Ten Day International Teaching Seminar on Cardiovascular Epidemiology and Prevention


Cardiovascular disease is the leading cause of death and disability in most countries in the world. The founders of the Ten Day teaching seminar, Professors Jerry and Rose Stamler, Richard Remington, and Professor Geoffrey Rose, recognised the need for training in research into cardiovascular disease prevention, as well as the constraints on time and resources limiting the ability of workers in less developed countries to obtain this. With support from the International Society and Federation of Cardiology (now the World Heart Federation) Council on Epidemiology and Prevention, they thus created a ten day course to provide basic training.


The main aim of the seminar is to increase the body of people around the world who have the needed skills to carry out epidemiologic studies and to strengthen the efforts to prevent mass cardiovascular disease.


The Ten Day Seminar has been held on an annual basis since 1968. The first seminar was convened in Makarska, Yugoslavia, in 1968. The 47th Ten Day Seminar took place in Nadi, Fiji in June, 2015, and was hosted by Fiji National University. The Society has a strong focus on improving cardiovascular epidemiology and prevention in low and middle income countries, and with this view, several of the Ten Day Seminars have been hosted by low and middle income countries. In 1998, Professors Darwin Labarthe, Kay-Tee Khaw, Dag Thelle, and Neil Poulter published a 30-year perspective on the aims and outcomes of the Ten Day Seminars.

 Click to read report

To date, over 1600 physicians and scientists from over 100 nations have been fellows of the seminar, and 48 seminars have now taken place in 36 different countries. The basic training is in fundamental epidemiologic principles and methods and biostatistics with a focus on practical examples of cardiovascular disease epidemiology and prevention. Each working day typically comprises a programme of four one-hour lectures and a small group activity. Lectures cover the basic concepts of epidemiology and biostatistics. Academic exercises are split over two weeks, from Monday through Saturday of week one and from Monday through Thursday of week two, with social programs on each of the preceding Sundays organised by the hosting institution.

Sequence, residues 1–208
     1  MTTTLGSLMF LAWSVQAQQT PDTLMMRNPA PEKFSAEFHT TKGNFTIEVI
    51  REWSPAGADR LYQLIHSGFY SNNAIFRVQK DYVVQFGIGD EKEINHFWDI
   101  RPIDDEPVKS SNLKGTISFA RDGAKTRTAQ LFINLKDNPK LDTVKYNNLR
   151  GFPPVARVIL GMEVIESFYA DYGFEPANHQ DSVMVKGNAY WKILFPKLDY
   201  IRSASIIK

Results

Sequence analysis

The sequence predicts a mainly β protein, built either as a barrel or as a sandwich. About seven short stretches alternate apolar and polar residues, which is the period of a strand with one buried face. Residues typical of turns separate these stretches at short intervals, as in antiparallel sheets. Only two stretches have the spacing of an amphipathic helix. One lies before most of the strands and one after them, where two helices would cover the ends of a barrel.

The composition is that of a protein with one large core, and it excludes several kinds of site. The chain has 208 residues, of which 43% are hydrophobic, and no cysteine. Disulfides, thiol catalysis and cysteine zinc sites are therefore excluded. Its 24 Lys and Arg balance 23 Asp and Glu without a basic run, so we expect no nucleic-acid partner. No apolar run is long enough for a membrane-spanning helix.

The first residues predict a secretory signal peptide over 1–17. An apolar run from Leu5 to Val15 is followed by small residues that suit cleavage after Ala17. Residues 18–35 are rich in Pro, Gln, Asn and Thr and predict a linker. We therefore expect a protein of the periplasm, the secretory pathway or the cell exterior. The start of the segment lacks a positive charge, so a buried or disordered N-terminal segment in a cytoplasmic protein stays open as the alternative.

There is a high ratio of faculty to fellows, usually with one faculty member for every 4 fellows, and a spirit of collegiality is encouraged. Group work is a central feature of the annual seminar. Small groups of roughly 10 fellows, plus faculty leaders, encourage more active participation from individuals and help fellows to work together as a team in answering real-world questions and addressing practical problems related to conducting research. In the first half of the course, practical exercises help to consolidate material taught in the lectures through analysis of data to examine concepts related to survey design, data collection methods, sampling bias, and measures of risk. Literature reviews highlight some of these same issues with a specific focus on cardiovascular disease epidemiology. In the second half of the course, groups prepare a study protocol, applying the knowledge they have gained from lectures and previous exercises. Groups present their proposed study designs – highlighting strengths and limitations of different study designs – to the rest of the course for comments and criticisms on the final day of the seminar. Fellows of the Ten Day Seminar often go on to develop research questions highlighted during the course into full research projects, frequently in international collaboration with other fellows.


Interested in being a fellow?

Applications are now open for the 50th Ten Day International Teaching Seminar on Cardiovascular Epidemiology and Prevention to be held in Goa, India.

Click here for more details and how to apply.


Interested in hosting?

If your university or institution is interested in hosting a future seminar, please contact us for more information.